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Video: Name a Range of Cells
Name a Range -- Name Box
Video: Create Names from Worksheet Labels
Create Names from Worksheet Labels
Video: Create a Dynamic Named Range
Create a Dynamic Named Range
More Names Tutorials
You can create Excel names that refer to cells, a range of cells, a constant value, or a formula.
After you define the names, you can use those names in formulas, to replace values or cell references.
In Excel, you can create names that refer to a single cell, a group of cells on the worksheet, a specific value, or a formula. After you define Excel names, you can use the names in a formula, instead of using a constant value or cell references. For example, a cell that contains the tax rate could be named SalesTax. Then, other cells could multiply sales amounts by the named range, SalesTax.
For Excel names that refer to a cell or a range of cells, you can use the names to quickly select the named range, and that makes navigation easier. Just select a range name from a drop down list, and you'll immediately go to that range.
The written instructions are below the video.
You can create a named range quickly by typing in the Name Box.
- Select the cell(s) to be named
- Click in the Name box, to the left of the formula bar
- Type a one-word name for the list, e.g. FruitList.
- Press the Enter key.
To quickly name individual cells, or individual ranges, you can use worksheet labels as the names. Watch this video to see the steps. Written instructions are below the video.
A quick way to create names is to base them on worksheet labels. In the example shown below, the cells in column C will be named, based on the labels in the adjacent cells, in column B.
To name cells, or ranges, based on worksheet labels:
- Select the labels and the cells that are to be named. The labels can be above, below, left or right of the cells to be named. In this example, the labels are in column B, to the left of the cells that will be named.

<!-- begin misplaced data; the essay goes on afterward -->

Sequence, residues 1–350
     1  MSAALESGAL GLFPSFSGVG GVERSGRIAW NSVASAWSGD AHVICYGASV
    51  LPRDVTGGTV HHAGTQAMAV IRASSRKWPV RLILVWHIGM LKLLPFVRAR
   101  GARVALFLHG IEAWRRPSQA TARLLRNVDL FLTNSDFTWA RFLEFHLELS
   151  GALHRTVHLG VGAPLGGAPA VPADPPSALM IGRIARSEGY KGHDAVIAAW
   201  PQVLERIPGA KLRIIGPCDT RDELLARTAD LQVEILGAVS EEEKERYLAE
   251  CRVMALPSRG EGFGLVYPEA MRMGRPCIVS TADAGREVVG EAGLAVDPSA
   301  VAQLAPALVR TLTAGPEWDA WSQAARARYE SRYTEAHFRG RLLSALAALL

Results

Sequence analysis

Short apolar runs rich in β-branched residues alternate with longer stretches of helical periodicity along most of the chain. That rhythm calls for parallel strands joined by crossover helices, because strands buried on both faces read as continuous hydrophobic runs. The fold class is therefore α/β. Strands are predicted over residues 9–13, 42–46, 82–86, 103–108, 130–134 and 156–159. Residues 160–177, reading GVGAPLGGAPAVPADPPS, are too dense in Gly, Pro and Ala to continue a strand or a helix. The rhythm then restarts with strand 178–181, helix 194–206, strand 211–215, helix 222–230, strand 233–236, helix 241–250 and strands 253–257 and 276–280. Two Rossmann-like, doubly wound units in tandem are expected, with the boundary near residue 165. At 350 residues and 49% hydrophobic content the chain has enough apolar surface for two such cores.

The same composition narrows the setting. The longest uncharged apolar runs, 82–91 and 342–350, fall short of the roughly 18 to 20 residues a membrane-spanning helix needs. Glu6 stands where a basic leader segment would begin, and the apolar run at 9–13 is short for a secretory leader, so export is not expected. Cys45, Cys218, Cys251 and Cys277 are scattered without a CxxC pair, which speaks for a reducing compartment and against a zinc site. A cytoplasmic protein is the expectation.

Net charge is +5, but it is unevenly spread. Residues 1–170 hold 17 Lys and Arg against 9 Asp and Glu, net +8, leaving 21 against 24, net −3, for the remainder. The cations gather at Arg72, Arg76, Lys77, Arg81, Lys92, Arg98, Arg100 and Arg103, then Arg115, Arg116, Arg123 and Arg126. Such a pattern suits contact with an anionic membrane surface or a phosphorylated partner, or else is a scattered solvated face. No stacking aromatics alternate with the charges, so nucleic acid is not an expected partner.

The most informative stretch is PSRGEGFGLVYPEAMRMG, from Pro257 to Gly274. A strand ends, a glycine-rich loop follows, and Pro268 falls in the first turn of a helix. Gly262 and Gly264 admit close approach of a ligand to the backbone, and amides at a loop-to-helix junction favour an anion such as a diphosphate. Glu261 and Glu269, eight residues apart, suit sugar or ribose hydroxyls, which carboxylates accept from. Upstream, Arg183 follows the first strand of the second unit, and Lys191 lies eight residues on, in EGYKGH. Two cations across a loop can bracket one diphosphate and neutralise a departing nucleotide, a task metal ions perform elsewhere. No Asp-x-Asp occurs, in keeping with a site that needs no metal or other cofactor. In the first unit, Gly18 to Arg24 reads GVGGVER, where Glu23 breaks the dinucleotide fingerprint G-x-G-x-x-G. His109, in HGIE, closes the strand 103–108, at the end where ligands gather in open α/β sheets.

- On the Ribbon, click the Formulas tab, then click Create from Selection.
- In the Create From Selection window, add a check mark for the location of the labels, then click OK. In this example, the labels are in the left column of the selected cells.
- Click on a cell to see its name. In the screen shot below, cell C4 is selected, and you can see its name in the Name Box -- Full_Name.
- NOTE: If the labels contains spaces, they're replaced with an underscore. Other invalid characters, such as & and # will be removed, or replaced by an underscore character.
After creating names that refer to a range, you can select a name in the Name Box dropdown list, to select the named range on the worksheet.
You can also use names in formulas. For example, you could have a group of cells with sales amounts for the month of January. Name those cells JanSales, then use this formula to calculate the total amount:
In the following example, the names TotalSales and TaxRate have been defined.
=TotalSales * TaxRate
To view the steps in a short Named Range video, click here.
When you create a named range in Excel, it doesn't automatically include new items. If you plan to add new items to a list, you can use a dynamic formula to define an Excel named range. Then, as new items are added to the list, the named range will automatically expand to include them.
Another way to create names is to use a dynamic formula to define a named range. As new items are added, the range will automatically expand.
Note: Dynamic named ranges will not appear in the Name Box dropdown list. However, you can type the names in the Name Box, to select the range on the worksheet.
- Choose Insert>Name>Define
- Type a name for the range, e.g. NameList
- In the Refers To box, enter an Offset formula that defines the range size, based on the number of items in the column, e.g.:
In this example, the list is on Sheet1, starting in cell A1
The arguments used in this Offset function are:
- Reference cell: Sheet1!$A$1
- Rows to offset: 0
- Columns to offset: 0
- Number of Rows: COUNTA(Sheet1!$A:$A)
- Number of Columns: 1
- Note: for a dynamic number of columns, replace the 1 with:
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Last updated: April 18, 2013 3:01 PM